The Series of 39
The unpublished 'book' of Gurdjieff's Movements


The Movements

Gurdjieff often preferred to be known simply as a 'teacher of temple dances' and his creations in this field have inspired generations. The Gurdjieff Foundation devoted a great deal of time and effort to the preservation of these movements as they were identified by Madame de Salzmann at the time of Gurdjieff's death. Over the years, they have produced a series of films and videos, recording performances of a very high standard. So far, viewings of these recordings has been severely restricted; the one exception being the pieces shown at the end of the movie 'Meetings with Remarkable Men'.

The movements were not only extraordinary pieces of choreography, capable of making a moving spectacle; they were also crucial as a 'laboratory' for investigating experientially human functioning. It is possible for people to 'meet themselves' while working on the movements. For this reason, J. G. Bennett adopted a more open and 'public' approach to them. He persuaded his students to open classes in the movements to attract people into the 'work', believing that the time had come for Gurdjieff's teachings and methods to be more widely available. This led, amongst other things, to a rift between Mr. Bennett and the more orthodox of Gurdjieff's followers.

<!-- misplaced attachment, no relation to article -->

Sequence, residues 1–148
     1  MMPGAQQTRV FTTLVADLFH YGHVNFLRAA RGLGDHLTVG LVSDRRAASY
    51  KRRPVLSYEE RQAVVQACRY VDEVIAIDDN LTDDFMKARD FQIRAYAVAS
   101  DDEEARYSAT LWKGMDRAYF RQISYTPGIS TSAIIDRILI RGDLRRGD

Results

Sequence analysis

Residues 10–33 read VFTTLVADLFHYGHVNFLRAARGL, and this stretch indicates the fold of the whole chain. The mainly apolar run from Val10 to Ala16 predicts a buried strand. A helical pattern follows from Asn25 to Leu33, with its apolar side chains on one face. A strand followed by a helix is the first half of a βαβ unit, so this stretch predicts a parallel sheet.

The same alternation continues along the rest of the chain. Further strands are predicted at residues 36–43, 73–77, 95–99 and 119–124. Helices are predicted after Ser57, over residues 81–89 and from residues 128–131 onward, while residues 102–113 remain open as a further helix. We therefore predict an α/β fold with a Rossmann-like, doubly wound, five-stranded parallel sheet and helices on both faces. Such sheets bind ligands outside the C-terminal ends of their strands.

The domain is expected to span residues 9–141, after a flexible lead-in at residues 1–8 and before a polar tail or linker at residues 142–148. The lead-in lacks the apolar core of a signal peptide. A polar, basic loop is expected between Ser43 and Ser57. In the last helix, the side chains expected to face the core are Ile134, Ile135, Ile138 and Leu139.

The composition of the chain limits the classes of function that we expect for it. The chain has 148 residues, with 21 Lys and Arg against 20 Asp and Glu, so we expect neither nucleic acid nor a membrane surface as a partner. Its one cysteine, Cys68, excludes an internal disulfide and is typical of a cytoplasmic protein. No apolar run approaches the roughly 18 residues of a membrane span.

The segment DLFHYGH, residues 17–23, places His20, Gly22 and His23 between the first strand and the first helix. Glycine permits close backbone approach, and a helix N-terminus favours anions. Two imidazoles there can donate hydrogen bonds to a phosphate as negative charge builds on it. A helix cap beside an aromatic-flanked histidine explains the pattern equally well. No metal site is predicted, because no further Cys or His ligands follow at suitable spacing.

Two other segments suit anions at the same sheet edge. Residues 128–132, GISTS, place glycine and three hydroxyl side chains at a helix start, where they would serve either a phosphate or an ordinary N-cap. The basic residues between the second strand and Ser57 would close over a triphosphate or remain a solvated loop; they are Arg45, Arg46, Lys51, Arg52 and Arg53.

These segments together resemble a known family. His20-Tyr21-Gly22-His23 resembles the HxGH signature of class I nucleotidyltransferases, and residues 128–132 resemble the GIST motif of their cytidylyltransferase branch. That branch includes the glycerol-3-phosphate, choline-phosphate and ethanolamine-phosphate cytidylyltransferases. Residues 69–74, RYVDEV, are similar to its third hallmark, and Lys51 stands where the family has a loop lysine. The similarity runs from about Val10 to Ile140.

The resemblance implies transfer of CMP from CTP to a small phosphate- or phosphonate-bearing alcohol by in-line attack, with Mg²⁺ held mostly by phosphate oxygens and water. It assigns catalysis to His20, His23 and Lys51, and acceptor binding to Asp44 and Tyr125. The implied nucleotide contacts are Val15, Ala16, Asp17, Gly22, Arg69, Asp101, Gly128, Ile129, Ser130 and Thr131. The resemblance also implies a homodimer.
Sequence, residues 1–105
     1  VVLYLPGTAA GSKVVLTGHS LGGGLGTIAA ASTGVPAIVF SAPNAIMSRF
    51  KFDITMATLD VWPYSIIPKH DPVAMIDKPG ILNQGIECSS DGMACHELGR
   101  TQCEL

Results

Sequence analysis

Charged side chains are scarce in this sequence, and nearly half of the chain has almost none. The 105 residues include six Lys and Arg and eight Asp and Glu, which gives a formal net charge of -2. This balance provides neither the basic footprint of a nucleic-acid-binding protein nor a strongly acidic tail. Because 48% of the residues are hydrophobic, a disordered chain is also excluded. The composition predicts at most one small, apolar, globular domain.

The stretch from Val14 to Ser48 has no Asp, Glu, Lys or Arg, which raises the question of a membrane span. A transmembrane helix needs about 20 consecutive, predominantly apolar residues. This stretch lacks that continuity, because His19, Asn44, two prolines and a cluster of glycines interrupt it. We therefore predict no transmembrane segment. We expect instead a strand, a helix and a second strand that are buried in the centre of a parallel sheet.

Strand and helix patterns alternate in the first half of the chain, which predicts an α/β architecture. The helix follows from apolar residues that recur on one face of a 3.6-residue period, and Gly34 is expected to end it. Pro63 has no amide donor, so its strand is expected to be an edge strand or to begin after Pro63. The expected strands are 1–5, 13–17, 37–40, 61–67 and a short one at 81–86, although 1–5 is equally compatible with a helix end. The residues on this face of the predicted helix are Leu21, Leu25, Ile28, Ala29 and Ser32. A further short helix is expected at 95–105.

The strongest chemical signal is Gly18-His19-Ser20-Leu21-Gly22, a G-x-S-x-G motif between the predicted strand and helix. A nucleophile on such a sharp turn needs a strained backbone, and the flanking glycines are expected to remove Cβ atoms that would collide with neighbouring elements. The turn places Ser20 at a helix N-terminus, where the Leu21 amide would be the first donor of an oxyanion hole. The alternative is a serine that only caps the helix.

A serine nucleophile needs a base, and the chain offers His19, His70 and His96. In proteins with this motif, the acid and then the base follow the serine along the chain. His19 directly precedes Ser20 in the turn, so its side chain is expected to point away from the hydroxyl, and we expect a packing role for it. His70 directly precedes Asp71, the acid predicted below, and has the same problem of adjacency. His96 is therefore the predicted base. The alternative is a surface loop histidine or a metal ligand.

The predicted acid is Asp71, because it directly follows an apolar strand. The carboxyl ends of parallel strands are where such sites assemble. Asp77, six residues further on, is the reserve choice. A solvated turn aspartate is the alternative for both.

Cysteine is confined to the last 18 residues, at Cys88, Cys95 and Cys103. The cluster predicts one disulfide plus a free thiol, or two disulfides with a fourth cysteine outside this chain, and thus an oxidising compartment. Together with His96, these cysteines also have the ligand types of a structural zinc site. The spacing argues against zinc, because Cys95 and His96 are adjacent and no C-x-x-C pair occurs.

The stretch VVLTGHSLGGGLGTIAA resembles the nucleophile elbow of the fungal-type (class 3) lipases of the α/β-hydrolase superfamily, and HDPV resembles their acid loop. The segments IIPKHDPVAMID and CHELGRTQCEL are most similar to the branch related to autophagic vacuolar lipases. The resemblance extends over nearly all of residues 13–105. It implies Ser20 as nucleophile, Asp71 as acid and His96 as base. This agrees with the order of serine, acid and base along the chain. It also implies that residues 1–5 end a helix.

Since Mr Bennett's death, there have been innumerable rifts and schisms, as well as many attempts at reconciliation. This is in the nature of any human enterprise and is paralleled in all walks of life. It is not entirely bad, since this is the basic way in which the inherent variety and diversity of a real process can become articulated. No one person or school is right and the others wrong. We can imagine many different attitudes to what we are proposing here.

The movements themselves are said to incorporate and realise 'ideas' about the world and its creation and maintenance. They exhibit a multiplicity of symbolisms, as well as some kind of direct action on the psyche, that Madame de Salzmann referred to as a special kind of 'energy'. Some of them - especially among the series of 39 - are related to the principles of the enneagram. Others show the stages of a developmental process. Further, it seems that each of the postures, sometimes adopted for only a fleeting moment, carries a significance.